discourage further exercise. In contrast, the optimal amount of individualized exercise is usually
well below standard recommendations for healthy
individuals, avoids post-exertional symptoms, and
promotes improvement.
Exercise recommendations. An individualized activity plan should be developed in collaboration
with the patient.72,73 Consultation with rehabilitation professionals knowledgeable about ME/CFS
may also be desirable. Any exercise or activity program should seek to minimize the negative effects
of exertion on impaired aerobic function. Exercise
ME/CFS: A Primer for Clinical Practitioners
should also not take priority over activities of daily
Initially, the patient’s degree of activity limitation
can be estimated using a functional status rating
such as the Functional Capacity Scale (Appendix C).
This 10 point scale ranges from 10, for symptom
free individuals, to 1, for patients who are bedridden and unable to perform activities of daily living.
Severely ill patients (functional capacity rating 1-3;
Appendix C). Homebound and bedbound patients
may benefit from in-home services that provide
assisted range-of-motion and strengthening exercises. Exercise lying down should be advised when
exercise standing or sitting is poorly tolerated. Initially, interval training exercise should begin with
gentle stretching to improve mobility utilizing intervals of 90 seconds or less. The patient should
rest between intervals until complete recovery has
occurred. Additional intervals can be added when
the stretching exercises do not trigger postexertional symptoms. Then, resistance training can
begin (functional capacity rating 4-5) with elastic
bands or light weights. As endurance improves,
short-duration interval training such as leisurelypaced walking can be added.
Higher functioning patients (functional capacity
rating 5-9; Appendix C). Interval training can begin
with leisurely paced walking, swimming, or peddling on an exercise cycle.74 The initial duration
may vary from 5-15 minutes a day depending on
how much the patient can do without provoking
symptom flares. These higher functioning patients
may also benefit from adaptive yoga and Tai Chi.
Medications for fatigue and post-exertional
symptoms (Table 7). Due to prescribing difficulties, cost, and limited effectiveness, medications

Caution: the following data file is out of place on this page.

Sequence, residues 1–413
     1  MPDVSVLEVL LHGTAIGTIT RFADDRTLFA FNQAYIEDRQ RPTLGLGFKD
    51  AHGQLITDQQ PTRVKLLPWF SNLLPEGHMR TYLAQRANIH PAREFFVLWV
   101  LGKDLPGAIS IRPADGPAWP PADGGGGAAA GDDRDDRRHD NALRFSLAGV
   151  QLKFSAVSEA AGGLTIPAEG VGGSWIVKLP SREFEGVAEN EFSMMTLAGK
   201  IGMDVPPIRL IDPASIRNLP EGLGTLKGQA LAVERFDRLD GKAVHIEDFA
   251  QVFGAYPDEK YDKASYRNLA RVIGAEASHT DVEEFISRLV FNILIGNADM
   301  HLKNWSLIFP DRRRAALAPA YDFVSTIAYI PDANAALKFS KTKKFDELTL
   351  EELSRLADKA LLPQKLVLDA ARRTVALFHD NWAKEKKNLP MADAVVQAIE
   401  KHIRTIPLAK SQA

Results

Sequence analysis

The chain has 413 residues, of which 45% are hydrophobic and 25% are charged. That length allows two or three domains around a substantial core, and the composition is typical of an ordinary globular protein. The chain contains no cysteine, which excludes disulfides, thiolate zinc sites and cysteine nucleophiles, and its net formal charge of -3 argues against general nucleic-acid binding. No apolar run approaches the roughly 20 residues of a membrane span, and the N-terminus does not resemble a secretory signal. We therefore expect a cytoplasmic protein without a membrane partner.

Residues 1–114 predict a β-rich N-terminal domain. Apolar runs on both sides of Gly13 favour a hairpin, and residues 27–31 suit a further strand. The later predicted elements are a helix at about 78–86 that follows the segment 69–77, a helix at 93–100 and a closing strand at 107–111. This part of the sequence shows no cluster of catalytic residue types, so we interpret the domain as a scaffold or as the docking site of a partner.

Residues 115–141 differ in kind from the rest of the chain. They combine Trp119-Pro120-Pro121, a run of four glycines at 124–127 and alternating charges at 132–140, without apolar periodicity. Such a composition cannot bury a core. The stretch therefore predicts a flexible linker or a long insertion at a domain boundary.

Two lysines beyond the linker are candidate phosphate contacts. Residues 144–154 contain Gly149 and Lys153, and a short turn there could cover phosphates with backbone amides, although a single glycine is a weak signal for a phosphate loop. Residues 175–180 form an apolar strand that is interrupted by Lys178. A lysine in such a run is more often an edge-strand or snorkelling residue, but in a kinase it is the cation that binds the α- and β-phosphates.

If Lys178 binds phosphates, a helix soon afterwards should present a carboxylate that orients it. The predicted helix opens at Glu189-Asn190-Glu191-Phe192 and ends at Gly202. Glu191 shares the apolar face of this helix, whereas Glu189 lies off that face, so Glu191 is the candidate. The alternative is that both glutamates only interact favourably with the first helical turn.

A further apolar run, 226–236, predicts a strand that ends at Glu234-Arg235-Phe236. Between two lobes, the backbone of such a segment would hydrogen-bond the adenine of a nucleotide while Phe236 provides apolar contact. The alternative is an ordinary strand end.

for fatigue may need to be reserved for functional
assistance at special, but potentially exhausting
events in the patient’s life (e.g., a wedding or a
concert). If the medication is effective, patients
should avoid exceeding their individual activity
limit, as this is likely to provoke symptomworsening. Thus, careful monitoring of activity is
Table 7
Medications for Fatigue
100-200 mg qd
150-250 mg qd
5 -20 mg tid
5-10 mg tid
Unsuccessful in formal studies
Moderate to marked benefit anecdotally but tolerance develops if used
daily; may be habituating
Somewhat successful in a small trial; may be habituating. Tolerance
may develop if used daily; may affect BP and HR
Patients often self-medicate with caffeine-containing products (e.g.,
drinks, supplements, tablets); may disturb sleep if taken late in the day
5:5 Cognitive Problems
The patient’s cognitive difficulties can be managed
to some extent with the following suggestions:
 Using a "memory book" to write things down
in one place (and attempt not to lose the book)
 Developing habits such as leaving keys or
glasses or always parking in the same spot
 When possible, avoiding situations involving
multisensory bombardment and fast-paced activity
Limiting the duration and intensity of cognitive
efforts (a form of pacing)
Limiting or stopping cognitive efforts when
cognitive symptoms flare up.
Medications for cognitive problems (Table 8)
Stimulants seem to work best when the patient
describes excessive “sleepiness” during the day as
opposed to “tiredness.” Sleepiness is suggested by
a score of >10 on the Epworth sleepiness scale
which may warrant a workup for primary sleep disorders.
ME/CFS: A Primer for Clinical Practitioners
Table 8
Medications for Cognitive Problems
Amphetamine salts
5-20 mg tid
5-10 mg tid
5-20 mg tid
100-200 mg qd
150-250 mg qd
May be habituating
May affect BP and HR; may be habituating
May affect BP and HR; may be habituating
Start with a small dose and increase slowly to the most effective
Start with a small dose and increase slowly to the most effective
Patients often self-medicate with caffeine containing products
(drinks, supplements, tablets); may disturb sleep if taken late in the
5:6 Depression, Anxiety and Distress
The prevalence of clinical depression and/or anxiety in patients with ME/CFS is about 40%116. This is
similar to the rates of psychiatric symptoms in other chronic conditions such as arthritis. Patients may
develop depression, anxiety, or stress reactions
secondary to the illness or evidence a history of
depression/anxiety prior to illness onset. The practitioner should conduct a suicide evaluation for all
patients who appear to be clinically depressed or
highly stressed.
Managing depression, anxiety and distress:
Support, coping skills and pleasant experiences
These types of interventions may be helpful: